The question was sincere, but good grief, the phrase “having it both ways” comes to mind. What’s to stop a hypothetical patient from picking the option they like best, from among several convenient locations near their home? Well, gosh, where to begin? Possibly their employer health coverage? The place where they live? The fact that sometimes – such as in emergency situations — you can’t exercise consumer choice? (Obviously I’m talking more broadly than contraception here, but I think it’s important to remember that the needs of a critically ill patient have been known to conflict with a healthcare provider’s principles.)
With all due respect, putting the onus on the patient, as if patients enjoy such a range of choice in their healthcare providers, seems at least as unrealistic a prospect as convincing nearly all sexually-active adults in the U.S. that they shouldn’t use contraception. No, this problem will be something for Catholic institutions themselves to sort out. Catholic hospitals may have to negotiate a new compromise between integration into a wider system where it’s possible to do a lot of good; and sincere fidelity to a healthcare practice that very few of their constituents believe, adhere to, or think is good for them. Indeed, such negotiations have already been taking place locally, when hospital mergers press the issue. With the Affordable Care Act mandating coverage of contraception, it’s playing out nationally.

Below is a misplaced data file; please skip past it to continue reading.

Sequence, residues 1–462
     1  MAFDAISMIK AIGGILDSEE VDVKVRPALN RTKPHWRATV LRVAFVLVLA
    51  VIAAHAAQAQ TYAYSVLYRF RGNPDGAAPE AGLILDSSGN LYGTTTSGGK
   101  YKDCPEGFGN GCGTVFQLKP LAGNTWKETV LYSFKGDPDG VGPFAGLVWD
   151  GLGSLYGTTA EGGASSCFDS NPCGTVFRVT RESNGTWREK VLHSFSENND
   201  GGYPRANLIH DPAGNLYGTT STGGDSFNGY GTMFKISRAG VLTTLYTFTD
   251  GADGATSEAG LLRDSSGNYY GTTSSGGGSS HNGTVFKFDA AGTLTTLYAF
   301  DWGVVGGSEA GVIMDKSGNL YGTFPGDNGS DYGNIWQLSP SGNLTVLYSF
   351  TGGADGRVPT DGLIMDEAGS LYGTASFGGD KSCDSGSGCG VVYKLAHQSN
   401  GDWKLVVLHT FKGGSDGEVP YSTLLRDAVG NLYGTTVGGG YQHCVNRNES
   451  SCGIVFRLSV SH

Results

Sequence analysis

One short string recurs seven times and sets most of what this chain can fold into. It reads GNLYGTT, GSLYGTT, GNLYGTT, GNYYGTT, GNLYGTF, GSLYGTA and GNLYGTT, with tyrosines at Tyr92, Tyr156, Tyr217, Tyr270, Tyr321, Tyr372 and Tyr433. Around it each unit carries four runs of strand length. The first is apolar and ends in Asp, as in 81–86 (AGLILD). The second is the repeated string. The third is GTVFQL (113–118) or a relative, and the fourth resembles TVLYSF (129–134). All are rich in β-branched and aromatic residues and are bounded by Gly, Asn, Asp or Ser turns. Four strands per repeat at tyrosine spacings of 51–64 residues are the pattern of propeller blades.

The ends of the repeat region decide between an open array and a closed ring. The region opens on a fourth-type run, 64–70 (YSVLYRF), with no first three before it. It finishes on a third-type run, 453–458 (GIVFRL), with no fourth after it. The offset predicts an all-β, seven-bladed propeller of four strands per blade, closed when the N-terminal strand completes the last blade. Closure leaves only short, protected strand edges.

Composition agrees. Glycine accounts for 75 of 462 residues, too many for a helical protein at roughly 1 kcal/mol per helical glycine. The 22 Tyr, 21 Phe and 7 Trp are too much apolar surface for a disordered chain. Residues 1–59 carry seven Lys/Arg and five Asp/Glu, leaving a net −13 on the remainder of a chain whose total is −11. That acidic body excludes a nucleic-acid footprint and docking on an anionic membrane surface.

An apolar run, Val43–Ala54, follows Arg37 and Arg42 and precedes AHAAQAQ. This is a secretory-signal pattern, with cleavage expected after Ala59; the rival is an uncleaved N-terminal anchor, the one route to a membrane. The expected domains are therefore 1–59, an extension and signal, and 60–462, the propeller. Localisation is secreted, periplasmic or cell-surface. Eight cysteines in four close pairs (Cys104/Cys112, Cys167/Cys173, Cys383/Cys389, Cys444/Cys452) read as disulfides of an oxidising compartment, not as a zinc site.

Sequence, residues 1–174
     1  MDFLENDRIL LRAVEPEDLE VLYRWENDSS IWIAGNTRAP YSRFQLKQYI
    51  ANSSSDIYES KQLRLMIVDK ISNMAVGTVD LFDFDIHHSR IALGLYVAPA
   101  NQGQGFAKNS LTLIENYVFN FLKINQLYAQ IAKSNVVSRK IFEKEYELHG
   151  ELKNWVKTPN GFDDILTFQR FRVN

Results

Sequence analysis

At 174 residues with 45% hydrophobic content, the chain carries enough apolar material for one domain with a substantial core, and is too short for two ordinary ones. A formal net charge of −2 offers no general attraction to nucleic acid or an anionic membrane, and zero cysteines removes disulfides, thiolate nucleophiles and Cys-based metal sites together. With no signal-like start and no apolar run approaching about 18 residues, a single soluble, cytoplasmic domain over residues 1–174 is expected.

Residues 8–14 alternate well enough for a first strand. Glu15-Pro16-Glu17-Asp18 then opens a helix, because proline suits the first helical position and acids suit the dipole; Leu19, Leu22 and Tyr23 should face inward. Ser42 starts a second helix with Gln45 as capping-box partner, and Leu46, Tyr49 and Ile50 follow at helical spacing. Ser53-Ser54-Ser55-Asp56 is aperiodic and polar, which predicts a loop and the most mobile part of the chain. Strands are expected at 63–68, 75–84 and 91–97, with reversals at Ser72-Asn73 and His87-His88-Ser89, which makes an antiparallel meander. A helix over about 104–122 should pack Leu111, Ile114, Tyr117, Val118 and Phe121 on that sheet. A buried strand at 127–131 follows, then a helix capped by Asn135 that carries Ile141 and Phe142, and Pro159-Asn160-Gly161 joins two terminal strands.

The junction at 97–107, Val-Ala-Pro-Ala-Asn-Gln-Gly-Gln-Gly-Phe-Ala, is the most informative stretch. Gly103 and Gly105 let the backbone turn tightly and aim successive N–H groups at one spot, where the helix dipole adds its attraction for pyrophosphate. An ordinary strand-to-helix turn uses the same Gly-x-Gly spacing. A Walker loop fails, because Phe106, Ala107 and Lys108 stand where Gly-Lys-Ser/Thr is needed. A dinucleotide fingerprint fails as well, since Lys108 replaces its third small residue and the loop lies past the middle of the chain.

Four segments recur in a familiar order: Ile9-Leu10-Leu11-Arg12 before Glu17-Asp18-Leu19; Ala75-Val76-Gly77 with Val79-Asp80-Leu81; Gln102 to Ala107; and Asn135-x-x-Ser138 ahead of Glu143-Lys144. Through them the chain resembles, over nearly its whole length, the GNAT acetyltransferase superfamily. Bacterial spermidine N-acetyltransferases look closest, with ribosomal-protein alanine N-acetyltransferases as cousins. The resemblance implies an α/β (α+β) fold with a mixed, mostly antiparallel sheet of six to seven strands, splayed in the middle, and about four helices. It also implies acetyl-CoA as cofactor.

But that’s rather different from ghettoization, isn’t it? You’re put into a ghetto under compulsion. If you uncompromisingly believe something that almost nobody else believes, that’s not ghettoization, it’s just the reality of holding a tiny minority opinion. Michael Peroutka didn’t miss out on the presidency because his supporters were ghettoized. He lost because a whole lot of people wanted someone else to be president instead of Peroutka. And having a minority opinion can be, you know, fine! I’ve been told I hold many such opinions myself. But it’s a little bit disingenuous to then say, “What’s this? My uncompromising belief in something almost nobody else believes or comprehends, has somehow resulted in my being met with widespread disagreement or incomprehension! Whoever could have seen that coming? Please rectify this immediately, kthx.”